When the London docks were no longer the hub of international trade there was much debate as to what should be done with such a vast area. It was Paul Reichmann’s visionary commercial acumen that developed Canary Wharf, with its searing skyscrapers, vast walkways, plethora of shops and acres of office space. In New York Reichmann developed the World Financial Center in Lower Manhattan.
He was an intensely private man, a devout and orthodox Jew who seldom gave interviews. But his vision to renovate a wasteland of London faced many problems. Reichmann’s tenacity to see the project through was typical of this most resolute of man.
Paul Moshe Reichmann was one of five brothers whose father had made a fortune distributing eggs in Europe. The family led a nomadic existence – mostly moving to avoid the Nazis – and after Vienna they lived in Paris and then, for the rest of the war, in Morocco. His mother organised food parcels for the prisoners of concentration camps and helped Jewish refugees after the war.
From his youth Reichmann was a serious student of Jewish culture and attended several Jewish seminaries. He studied education in Gateshead but his sharp brain marked Reichmann out as a natural businessman. He joined the family bank and was soon the leading entrepreneur – notably acquiring a large and valuable stake in the equity of Gulf Canada Oil.
Reichmann was largely responsible for the rapid growth in the family’s Toronto-based property company, Olympia & York. It was founded in 1964 and soon made its mark internationally – by developing Toronto’s 72-storey First Canadian Place.
By buying judiciously, Reichmann became one of the largest property owners in Manhattan – outstripping the equally ambitious Donald Trump – and by the late 1970s he had developed the World Financial Center on Lower Manhattan. The investments in New York proved to be shrewd: the firm paid $330m for eight New York City buildings which within years were valued at $3bn.
In the mid-1980s Reichmann viewed the vast area to the east of the City of London as a potential site for commercial and private development. Many regarded the project as foolhardy – the Square Mile was an area hide-bound by its traditions and financial firms would be loath to move.
But Reichmann was confident of his vast plans and believed the Thatcher government would build the Jubilee Line to enhance its attraction. That did not open until 1999.
In 1987 the bulldozers moved in to reconstruct the Docklands. Reichmann’s business foresight deserted him and within three years his plans were turned upside down by the property, financial and stock market slump. Although some of Canary Wharf had been completed, the debts mounted savagely. Reichmann borrowed against his North American assets but the debts reached $20bn in 1992 and the bankers foreclosed on Canary Wharf. Olympia & York was placed in administration and the company filed for bankruptcy. Canary Wharf was repossessed by a German bank.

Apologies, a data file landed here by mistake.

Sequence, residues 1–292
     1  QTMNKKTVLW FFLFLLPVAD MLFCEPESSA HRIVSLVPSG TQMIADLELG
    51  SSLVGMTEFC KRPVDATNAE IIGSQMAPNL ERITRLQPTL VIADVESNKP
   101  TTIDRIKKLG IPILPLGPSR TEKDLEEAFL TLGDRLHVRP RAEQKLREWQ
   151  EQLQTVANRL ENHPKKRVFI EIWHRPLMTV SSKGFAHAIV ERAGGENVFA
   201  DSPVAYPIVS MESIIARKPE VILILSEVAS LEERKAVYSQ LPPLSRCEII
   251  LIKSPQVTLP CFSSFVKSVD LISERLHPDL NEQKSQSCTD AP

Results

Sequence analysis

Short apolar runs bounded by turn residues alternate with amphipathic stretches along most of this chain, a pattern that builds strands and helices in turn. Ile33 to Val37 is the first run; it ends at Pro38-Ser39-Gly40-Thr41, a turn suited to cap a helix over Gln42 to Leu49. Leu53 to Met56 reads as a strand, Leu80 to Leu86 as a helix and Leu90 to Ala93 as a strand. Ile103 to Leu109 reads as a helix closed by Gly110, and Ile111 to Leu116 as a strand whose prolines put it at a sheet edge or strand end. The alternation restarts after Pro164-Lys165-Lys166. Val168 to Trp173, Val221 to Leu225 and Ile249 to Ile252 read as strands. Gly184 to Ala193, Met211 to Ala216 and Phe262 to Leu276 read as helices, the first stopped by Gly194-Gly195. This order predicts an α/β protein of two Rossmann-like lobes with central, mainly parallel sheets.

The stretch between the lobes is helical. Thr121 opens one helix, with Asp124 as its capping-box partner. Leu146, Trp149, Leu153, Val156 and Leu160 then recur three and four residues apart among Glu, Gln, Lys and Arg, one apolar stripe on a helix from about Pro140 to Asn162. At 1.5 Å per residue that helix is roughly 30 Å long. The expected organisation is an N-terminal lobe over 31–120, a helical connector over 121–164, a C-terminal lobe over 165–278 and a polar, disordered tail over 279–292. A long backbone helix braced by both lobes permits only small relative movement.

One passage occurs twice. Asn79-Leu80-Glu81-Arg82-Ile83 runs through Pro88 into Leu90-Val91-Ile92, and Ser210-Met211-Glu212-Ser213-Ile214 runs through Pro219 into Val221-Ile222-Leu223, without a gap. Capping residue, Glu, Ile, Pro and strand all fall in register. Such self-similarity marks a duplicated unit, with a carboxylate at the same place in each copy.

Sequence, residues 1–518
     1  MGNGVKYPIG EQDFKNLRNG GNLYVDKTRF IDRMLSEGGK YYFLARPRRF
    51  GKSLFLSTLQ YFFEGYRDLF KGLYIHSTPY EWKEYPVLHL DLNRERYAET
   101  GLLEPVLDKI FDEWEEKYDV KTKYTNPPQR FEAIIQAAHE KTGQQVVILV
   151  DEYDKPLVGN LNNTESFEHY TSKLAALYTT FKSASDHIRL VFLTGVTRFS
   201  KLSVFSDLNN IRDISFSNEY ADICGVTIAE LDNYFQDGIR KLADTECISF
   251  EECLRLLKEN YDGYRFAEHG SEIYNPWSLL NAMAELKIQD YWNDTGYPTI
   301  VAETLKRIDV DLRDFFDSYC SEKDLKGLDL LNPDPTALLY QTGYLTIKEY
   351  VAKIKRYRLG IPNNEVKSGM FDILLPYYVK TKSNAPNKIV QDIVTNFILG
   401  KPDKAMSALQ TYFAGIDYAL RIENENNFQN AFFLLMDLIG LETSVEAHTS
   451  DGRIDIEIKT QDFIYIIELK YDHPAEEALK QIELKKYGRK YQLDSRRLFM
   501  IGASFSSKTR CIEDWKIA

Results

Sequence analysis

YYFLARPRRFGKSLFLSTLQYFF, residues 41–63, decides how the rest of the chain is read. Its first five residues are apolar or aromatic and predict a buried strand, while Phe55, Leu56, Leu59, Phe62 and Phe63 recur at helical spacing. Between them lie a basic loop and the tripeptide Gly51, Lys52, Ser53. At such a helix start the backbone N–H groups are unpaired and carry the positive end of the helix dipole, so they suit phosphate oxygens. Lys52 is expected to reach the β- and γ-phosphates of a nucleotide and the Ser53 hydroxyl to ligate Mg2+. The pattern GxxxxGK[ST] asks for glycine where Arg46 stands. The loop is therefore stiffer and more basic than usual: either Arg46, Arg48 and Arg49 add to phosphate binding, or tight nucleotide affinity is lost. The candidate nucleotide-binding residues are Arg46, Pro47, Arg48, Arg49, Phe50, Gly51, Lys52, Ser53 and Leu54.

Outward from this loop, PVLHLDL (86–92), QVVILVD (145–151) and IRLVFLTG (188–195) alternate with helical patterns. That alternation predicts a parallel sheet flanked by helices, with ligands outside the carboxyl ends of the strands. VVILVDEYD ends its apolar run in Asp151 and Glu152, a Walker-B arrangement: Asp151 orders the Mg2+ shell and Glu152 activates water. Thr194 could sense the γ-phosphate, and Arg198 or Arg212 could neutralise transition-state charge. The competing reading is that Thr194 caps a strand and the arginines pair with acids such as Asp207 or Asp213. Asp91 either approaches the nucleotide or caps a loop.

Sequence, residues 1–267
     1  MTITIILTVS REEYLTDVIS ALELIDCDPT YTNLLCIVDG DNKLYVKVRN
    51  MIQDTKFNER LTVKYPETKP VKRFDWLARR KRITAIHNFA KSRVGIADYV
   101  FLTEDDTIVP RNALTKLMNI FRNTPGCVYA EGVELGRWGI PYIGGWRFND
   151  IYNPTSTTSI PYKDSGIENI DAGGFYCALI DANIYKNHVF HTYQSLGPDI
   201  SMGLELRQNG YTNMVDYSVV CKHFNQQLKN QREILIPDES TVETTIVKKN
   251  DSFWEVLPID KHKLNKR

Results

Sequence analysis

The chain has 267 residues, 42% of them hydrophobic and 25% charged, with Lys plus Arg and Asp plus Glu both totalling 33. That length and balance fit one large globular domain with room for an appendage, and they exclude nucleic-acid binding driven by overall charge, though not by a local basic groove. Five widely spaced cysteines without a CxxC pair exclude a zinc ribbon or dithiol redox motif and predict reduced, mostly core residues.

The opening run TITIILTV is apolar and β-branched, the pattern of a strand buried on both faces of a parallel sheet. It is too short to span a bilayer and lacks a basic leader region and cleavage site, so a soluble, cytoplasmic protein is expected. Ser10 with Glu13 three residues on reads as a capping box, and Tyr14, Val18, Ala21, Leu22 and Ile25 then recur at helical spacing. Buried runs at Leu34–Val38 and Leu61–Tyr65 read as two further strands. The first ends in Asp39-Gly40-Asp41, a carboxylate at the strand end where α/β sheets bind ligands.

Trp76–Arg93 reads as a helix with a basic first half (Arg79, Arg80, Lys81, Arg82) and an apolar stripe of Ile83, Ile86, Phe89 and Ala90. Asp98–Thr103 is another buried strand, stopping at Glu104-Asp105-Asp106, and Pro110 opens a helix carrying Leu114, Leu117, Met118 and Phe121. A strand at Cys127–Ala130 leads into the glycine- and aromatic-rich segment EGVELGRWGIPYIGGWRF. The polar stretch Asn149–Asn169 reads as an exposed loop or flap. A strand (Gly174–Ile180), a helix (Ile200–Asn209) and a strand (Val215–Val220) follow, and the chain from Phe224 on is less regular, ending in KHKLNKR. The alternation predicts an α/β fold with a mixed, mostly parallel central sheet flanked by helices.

The family’s fortune was decimated but although the humiliation was considerable Reichmann still had personal resources and he remained determined to complete on Canary Wharf. In 1995 he bought, with a group of financiers (including George Soros) the site back for £800m.
The development was completed in 1998 and Canary Wharf was floated on the Stock Exchange in 1999 for £2.5bn. Reichmann stepped down as chairman and in 2004 the company returned to being private. But the Canary Wharf tower with its flashing red light and 60 storeys high became a commercial and viable development. It was also the tallest building in Britain.
Reichmann’s vision of building a financial centre on what was formerly the Isle of Dogs seemed to many a dream too far. Although the project had some tortuous moments Reichmann built office space that could accommodate the new technologies of the age – which the dark Dickensian offices of the City could not have done.
The centrepiece of the sprawling Canary Wharf development is Number One Canada Square – a veritable legacy to Paul Reichmann.
Reichmann never retired and remained active developing property worldwide – he opened a 55-storey skyscraper in Mexico City in 2003.
For Reichmann religion and commerce were intertwined. The firm, for example, never operated on the Jewish Sabbath and paid overtime for Sunday work. He supported many Jewish and medical charities and was an avid collector of ancient Jewish texts.
Reichmann was a quiet, rather solitary figure. Reflecting on the financial problems of Canary Wharf in 1997 he blamed his own overconfidence. “The fact that I had never been wrong created character flaws that caused me to make mistakes.”
Reichmann is survived by his wife Lea, to whom he had got engaged when he was 15, and their two sons and three daughters.